What it’s like to vote for the first time as a new

As I waited to be called for my American citizenship interview, live footage of Donald Trump’s impeachment hearing was playing on the TV. I could barely register the irony, feverishly re-reviewing the flashcards I’d made of the 100 civics questions I was told to memorize.

My appointment was for 6:45 a.m., but I was waiting in line outside an imposing government building by 5 a.m., an hour before it even opened. Alongside me stood many fellow immigrants who knew that when it came to the U.S. government, you needed to show up a day early and with more than a dollar to spare if you had any hope of earning its approval.

Fingertips white, I clutched the massive binder containing my every tax return since 2015, a 60-page citizenship application, original Brazilian birth certificate, both my Swiss and Brazilian passports (my mother is Brazilian and my father is Swiss), and American green card tightly to my chest, like it was a shield against whatever came next. I was reminded of my mom every time we traveled when I was a kid, lugging hefty binders for our whole family. I never forgot the look of panic etched on her face as she repeated answers to customs officers, almost always visibly annoyed by her thick accent. 

The rage I’d been bottling suddenly exploded at the thought of that big, dumb orange elephant in the room.

Before I knew it, my name was called. I was given an oral and written exam. I passed. In a daze I walked out, letting it sink in that now only an oath ceremony stood between me and this American citizenship 25 years in the making.

As I left, I gave a backward glance at the TV broadcasting the circus that encapsulated all the dysfunction of this nation I was so anxious to join. The rage I’d been bottling suddenly exploded at the thought of that big, dumb orange elephant in the room who made being born outside the U.S. feel like a crime, all while being accused of committing crimes against American democracy in broad daylight.

Before starting the citizenship process, I was advised to delete all social media posts criticizing the American government, and even to avoid texting or talking about it near my phone. For a full year, I held my tongue, in spite of the daily onslaught of maddening news, despite being an opinionated loudmouth only fit for a career writing about them.

So, feeling patriotic, I celebrated in the most Trumpian way possible: I tweeted. 

After a year of voicelessness, after a whole lifetime of political powerlessness, I would finally be able to cast my first vote ever on Super Tuesday, in one of the most important elections of this country’s recent history.

Over the past year whenever I told people I was finally applying to become an American citizen after living the majority of my life here as a permanent resident, there was usually this question of, “Why? Why would you want to become one of us now?”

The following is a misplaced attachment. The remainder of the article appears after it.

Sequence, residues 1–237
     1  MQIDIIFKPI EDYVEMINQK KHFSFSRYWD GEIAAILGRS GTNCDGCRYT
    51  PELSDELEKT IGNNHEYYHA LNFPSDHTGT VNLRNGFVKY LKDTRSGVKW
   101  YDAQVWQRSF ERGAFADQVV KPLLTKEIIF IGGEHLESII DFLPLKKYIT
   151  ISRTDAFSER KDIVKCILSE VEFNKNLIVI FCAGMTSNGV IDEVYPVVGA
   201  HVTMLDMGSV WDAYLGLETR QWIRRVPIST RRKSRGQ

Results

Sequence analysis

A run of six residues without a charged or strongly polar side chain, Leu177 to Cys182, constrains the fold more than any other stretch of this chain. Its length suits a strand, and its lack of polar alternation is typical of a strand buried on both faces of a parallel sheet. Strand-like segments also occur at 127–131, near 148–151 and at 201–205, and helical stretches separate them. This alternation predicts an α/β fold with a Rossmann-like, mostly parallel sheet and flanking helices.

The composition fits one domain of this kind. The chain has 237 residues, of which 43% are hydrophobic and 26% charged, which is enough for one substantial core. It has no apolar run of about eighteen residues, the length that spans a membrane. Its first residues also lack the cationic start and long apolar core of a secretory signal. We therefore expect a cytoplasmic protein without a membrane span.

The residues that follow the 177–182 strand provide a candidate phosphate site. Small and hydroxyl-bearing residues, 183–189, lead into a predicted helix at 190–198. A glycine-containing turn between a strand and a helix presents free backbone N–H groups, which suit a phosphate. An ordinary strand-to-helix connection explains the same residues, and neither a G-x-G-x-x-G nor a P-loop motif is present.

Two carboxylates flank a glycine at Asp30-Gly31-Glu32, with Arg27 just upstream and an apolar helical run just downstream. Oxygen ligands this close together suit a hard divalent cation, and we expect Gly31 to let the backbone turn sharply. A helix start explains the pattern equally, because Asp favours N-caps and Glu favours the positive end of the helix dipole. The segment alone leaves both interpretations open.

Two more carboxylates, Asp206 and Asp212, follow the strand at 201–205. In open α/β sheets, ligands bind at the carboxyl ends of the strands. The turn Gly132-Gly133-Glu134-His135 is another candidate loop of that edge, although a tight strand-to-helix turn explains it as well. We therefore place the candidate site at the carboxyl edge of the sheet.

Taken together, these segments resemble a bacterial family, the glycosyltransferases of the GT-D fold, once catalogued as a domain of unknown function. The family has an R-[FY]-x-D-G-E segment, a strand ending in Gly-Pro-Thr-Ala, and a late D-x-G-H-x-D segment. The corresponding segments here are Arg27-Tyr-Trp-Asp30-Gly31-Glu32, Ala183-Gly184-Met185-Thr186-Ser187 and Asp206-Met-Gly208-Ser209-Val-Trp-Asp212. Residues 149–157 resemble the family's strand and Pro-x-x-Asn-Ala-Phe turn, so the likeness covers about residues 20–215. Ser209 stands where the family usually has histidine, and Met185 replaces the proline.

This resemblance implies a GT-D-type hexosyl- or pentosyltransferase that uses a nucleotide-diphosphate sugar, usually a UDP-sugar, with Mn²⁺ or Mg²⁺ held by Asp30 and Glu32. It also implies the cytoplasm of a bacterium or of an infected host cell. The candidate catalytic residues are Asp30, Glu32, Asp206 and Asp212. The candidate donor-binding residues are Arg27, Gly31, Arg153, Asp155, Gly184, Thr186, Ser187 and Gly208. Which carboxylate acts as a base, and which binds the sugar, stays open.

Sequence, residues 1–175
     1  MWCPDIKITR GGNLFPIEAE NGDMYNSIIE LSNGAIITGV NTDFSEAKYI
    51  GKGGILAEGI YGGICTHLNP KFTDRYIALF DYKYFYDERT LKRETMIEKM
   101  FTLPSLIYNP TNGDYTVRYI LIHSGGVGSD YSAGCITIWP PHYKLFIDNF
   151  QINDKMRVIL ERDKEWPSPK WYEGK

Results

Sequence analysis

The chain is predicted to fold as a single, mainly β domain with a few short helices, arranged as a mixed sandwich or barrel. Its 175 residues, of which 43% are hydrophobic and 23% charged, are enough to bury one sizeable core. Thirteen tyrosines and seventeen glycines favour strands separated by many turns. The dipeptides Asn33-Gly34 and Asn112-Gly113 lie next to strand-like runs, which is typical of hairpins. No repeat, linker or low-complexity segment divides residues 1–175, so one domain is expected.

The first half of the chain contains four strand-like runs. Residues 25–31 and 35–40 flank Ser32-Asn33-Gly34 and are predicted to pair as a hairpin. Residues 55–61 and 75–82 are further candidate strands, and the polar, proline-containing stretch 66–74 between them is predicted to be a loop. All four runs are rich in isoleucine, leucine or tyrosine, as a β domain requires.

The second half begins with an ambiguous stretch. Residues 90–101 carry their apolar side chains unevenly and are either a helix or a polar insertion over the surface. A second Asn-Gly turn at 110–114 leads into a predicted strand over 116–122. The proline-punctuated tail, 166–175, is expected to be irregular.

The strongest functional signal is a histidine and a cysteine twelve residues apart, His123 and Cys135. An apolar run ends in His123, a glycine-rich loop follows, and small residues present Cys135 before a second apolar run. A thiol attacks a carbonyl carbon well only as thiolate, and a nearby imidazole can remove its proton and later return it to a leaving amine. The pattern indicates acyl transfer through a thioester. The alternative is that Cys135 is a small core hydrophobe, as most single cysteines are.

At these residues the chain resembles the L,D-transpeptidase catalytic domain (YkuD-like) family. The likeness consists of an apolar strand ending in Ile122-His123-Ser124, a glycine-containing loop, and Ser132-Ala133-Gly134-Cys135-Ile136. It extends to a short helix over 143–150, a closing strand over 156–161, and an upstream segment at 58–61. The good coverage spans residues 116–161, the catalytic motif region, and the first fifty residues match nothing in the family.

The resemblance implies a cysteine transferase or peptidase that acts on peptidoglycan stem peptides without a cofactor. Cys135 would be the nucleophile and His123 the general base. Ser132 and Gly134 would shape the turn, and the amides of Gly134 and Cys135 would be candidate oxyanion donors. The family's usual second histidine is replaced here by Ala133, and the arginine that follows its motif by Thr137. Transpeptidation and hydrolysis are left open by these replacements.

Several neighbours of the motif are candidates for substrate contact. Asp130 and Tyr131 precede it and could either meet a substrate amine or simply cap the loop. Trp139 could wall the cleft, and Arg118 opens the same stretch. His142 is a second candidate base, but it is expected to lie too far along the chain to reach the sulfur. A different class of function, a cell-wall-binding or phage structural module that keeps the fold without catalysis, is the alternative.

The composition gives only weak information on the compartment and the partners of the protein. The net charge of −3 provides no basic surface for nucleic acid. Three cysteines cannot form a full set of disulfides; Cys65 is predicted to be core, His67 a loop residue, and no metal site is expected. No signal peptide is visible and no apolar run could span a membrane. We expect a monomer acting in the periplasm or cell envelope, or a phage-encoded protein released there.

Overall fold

Fair point.

Mere weeks after Trump took office, his administration launched an attack on immigrants that surpassed even the worst expectations. People from Muslim countries who had every legal right to be here, who had won the lottery of getting a visa or green card approved, who often had family waiting for them on the other side of the airport gates, some of whom had lived here their whole lives just like me — were, without warning or reason, now forbidden from entering. 

In those early days (and still now), it felt impossible to know exactly how bad Trump’s attack on immigration could get. Sure, eventually Trump exempted those with visas and green cards from his travel ban. But in an instant, we watched those precious papers we cling to made ineffectual by the whims of a few powerful Islamophobes. It was only their first act. After that, anything felt possible. 

TWO CAN TWEET IN ALL CAPS, BUDDY!!!!!!!!

TWO CAN TWEET IN ALL CAPS, BUDDY!!!!!!!!

Image: BOB AL-GREENE / MASHABLE

To be clear, I am part of a uniquely privileged class of immigrants. 

Though I am Brazilian (I’m a triple citizen now), my Swiss father gave me the white skin and European passport that protects from the worst of xenophobia and discrimination. I live in Los Angeles, a sanctuary city, and one of the most immigrant-friendly places in the country. I speak English fluently (much better than my mother tongue, at this point). I was a permanent resident, the most secure legal status and pathway to citizenship. I could afford a lawyer to prepare me for every labyrinthian step of the year-long application process (much shorter than many other waiting periods). I come from a family of wealthy taxpayers, not considered a financial “burden” by those deciding which “kinds” of people deserve to be American.

The discrimination I experience pales in comparison to the far more vulnerable migrants, refugees, and undocumented people whose lives are in even greater danger under Trump. But it’s telling that every immigrant, even the most privileged, knows the daily indignities of being reduced to an alien number shoved through the hellish bureaucracy of the American system.